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Re: Feature request: new parameter no_result_format for ldap and sql maps

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  • Michael Storz
    ... The installed base really does not matter. E.g. none of the about 10.000 nodes on our supercoputer each with a Postfix installation will ever benefit from
    Message 1 of 13 , Sep 27, 2012
      Am 2012-09-24 19:06, schrieb Wietse Venema:
      > Michael Storz:
      >> seems I was
      >> not able to show the underlying problem, let me rephrase my problem:
      >>
      >> How can I configure arbitrarily complex if-then-else
      >> constructs
      >> for every possible table type?
      >
      > You will have to outsource that logic with tcp_table lookups.
      >
      > Considering that if-then-else table search is useful for maybe
      > 0.0001% of the installed base, I don't think it makes no sense to
      > spend significant of development resources on it now, and to spend
      > maintenance resources on it for eternity. There is a lot that needs
      > to be done and that benefits most of the installed base.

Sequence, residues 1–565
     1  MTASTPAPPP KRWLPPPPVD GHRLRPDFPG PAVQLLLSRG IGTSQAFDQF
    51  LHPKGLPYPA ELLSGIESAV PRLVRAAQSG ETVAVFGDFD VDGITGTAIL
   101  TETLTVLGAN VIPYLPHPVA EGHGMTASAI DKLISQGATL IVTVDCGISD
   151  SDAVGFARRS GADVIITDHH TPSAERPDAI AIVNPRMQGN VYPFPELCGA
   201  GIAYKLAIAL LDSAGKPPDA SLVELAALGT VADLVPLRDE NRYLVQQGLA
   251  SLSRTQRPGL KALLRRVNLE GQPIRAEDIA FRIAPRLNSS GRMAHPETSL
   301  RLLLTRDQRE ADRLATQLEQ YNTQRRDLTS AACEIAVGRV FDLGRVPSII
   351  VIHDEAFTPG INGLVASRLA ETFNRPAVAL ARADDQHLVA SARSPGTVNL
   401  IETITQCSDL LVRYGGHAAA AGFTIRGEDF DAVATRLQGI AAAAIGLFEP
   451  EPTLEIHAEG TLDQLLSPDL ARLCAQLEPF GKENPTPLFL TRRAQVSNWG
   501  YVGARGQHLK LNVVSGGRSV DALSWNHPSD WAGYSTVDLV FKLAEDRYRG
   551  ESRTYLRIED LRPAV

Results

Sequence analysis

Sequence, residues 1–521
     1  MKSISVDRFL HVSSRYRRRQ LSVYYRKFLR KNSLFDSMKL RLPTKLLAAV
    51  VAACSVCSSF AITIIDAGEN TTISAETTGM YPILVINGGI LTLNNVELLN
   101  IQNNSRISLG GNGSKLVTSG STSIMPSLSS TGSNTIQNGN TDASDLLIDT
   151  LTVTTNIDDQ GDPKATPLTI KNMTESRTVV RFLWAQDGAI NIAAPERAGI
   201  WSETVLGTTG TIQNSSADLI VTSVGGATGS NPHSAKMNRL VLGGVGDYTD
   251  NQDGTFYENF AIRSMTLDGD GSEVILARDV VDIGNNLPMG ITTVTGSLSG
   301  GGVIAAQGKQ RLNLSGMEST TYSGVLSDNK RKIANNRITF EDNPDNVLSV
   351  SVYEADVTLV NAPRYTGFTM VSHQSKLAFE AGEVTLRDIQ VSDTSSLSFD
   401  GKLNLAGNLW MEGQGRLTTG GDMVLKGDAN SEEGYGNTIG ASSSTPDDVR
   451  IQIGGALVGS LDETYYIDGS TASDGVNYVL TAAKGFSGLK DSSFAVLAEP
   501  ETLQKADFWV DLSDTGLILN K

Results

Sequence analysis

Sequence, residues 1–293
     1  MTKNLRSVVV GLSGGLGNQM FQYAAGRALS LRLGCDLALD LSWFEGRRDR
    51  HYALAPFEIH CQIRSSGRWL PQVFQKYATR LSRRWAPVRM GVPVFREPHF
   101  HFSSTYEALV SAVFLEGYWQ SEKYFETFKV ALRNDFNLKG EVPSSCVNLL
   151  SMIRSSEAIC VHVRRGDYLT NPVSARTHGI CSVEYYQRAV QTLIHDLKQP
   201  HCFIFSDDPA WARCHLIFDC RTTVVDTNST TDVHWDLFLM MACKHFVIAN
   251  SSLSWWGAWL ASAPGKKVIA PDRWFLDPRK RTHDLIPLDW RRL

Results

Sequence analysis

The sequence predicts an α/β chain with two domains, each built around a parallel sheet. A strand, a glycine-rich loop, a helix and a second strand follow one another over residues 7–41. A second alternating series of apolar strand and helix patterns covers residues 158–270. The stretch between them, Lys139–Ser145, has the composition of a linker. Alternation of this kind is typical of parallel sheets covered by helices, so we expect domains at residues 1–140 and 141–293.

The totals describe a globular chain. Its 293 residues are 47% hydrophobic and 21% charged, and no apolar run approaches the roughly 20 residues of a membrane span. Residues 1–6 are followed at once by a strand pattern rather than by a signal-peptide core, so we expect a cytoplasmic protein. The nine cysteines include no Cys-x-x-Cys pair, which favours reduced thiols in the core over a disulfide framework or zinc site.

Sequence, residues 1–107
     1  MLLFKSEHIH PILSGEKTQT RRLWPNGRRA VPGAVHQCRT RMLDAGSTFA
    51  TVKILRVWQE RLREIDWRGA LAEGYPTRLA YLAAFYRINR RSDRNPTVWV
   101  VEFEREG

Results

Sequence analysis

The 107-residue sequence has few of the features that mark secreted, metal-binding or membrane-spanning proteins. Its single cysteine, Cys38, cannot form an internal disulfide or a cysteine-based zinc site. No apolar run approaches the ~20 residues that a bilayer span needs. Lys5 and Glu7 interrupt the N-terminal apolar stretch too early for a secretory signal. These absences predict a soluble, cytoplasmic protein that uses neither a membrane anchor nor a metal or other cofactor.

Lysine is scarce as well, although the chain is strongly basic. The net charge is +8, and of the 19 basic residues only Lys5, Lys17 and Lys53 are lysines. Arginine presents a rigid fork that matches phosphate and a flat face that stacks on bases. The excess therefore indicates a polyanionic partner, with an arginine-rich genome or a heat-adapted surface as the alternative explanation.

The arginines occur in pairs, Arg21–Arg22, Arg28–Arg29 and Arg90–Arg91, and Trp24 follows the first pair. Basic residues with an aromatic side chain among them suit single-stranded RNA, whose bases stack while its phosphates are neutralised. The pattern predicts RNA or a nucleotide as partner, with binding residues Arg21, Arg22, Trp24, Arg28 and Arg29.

>
      > Yes, I suppose that it's possible to emulate conditional processing
      > with magical query keys and magical lookup results. No, I don't
      > think that restriction_classes is an example that deserves expansion.
      >
      > References:
      > http://www.postfix.org/tcp_table.5.html
      >
      > Wietse

      The installed base really does not matter. E.g. none of the about
      10.000 nodes
      on our supercoputer each with a Postfix installation will ever benefit
      from the
      work you did the last years because there is only a null mailer
      installed and
      thats similar for nearly all installations of Postfix.

      New features are only of interest for the mail server of a whole site.
      Building
      there own reject-restriction is of interest for more sites than you
      think. Just
      two examples from the archives:

      In http://archives.neohapsis.com/archives/postfix/2010-02/0333.html
      the user wanted to have the following reject-restriction

      if (is_from_mynetwork AND is_sasl_authenticated) {
      DUNNO
      } else {
      REJECT
      }

      which is aequivalent to

      if (is_from_mynetwork) {
      DUNNO
      } else {
      REJECT
      }
      if (is_sasl_authenticated) {
      DUNNO
      } else {
      REJECT
      }

      Noel Jones solution uses the approach I suggested to implement the two
      if-then-else constructs:

      2 restriction classes with a jump-to-the-end-of-restriction-class
      action.

      In http://archives.neohapsis.com/archives/postfix/2010-12/0981.html
      Vi[ck]tor Duchovni made a very nice transformation of the requirement

      if (allowed-clients || (allowed-senders AND allowed-recipients)) {
      DUNNO
      } else {
      DISCARD
      }

      to

      if (allowed-senders) {
      DUNNO
      } else {
      if (allowed-clients) {
      DUNNO
      } else {
      DISCARD
      }
      }
      if (allowed-recipients) {
      DUNNO